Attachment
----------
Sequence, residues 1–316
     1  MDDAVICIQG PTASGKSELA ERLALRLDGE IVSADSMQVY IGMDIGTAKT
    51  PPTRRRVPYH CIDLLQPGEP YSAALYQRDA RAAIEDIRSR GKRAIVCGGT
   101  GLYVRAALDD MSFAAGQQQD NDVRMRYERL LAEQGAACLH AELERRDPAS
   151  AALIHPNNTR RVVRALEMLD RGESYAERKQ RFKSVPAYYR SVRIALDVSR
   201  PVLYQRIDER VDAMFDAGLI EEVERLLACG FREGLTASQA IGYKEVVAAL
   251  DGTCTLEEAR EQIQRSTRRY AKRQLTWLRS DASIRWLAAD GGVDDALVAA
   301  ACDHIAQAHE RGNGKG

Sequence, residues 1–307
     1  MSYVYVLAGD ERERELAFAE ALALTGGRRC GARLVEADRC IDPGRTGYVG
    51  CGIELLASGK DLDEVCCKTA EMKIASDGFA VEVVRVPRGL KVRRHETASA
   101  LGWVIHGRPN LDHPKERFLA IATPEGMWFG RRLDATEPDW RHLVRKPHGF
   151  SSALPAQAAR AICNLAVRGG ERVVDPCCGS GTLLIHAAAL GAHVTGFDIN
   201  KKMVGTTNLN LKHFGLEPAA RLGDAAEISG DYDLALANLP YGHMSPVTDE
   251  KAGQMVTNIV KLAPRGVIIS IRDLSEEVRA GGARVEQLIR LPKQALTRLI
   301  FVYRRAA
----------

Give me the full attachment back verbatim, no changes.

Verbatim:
Sequence, residues 1–316
     1  MDDAVICIQG PTASGKSELA ERLALRLDGE IVSADSMQVY IGMDIGTAKT
    51  PPTRRRVPYH CIDLLQPGEP YSAALYQRDA RAAIEDIRSR GKRAIVCGGT
   101  GLYVRAALDD MSFAAGQQQD NDVRMRYERL LAEQGAACLH AELERRDPAS
   151  AALIHPNNTR RVVRALEMLD RGESYAERKQ RFKSVPAYYR SVRIALDVSR
   201  PVLYQRIDER VDAMFDAGLI EEVERLLACG FREGLTASQA IGYKEVVAAL
   251  DGTCTLEEAR EQIQRSTRRY AKRQLTWLRS DASIRWLAAD GGVDDALVAA
   301  ACDHIAQAHE RGNGKG

Sequence, residues 1–307
     1  MSYVYVLAGD ERERELAFAE ALALTGGRRC GARLVEADRC IDPGRTGYVG
    51  CGIELLASGK DLDEVCCKTA EMKIASDGFA VEVVRVPRGL KVRRHETASA
   101  LGWVIHGRPN LDHPKERFLA IATPEGMWFG RRLDATEPDW RHLVRKPHGF
   151  SSALPAQAAR AICNLAVRGG ERVVDPCCGS GTLLIHAAAL GAHVTGFDIN
   201  KKMVGTTNLN LKHFGLEPAA RLGDAAEISG DYDLALANLP YGHMSPVTDE
   251  KAGQMVTNIV KLAPRGVIIS IRDLSEEVRA GGARVEQLIR LPKQALTRLI
   301  FVYRRAA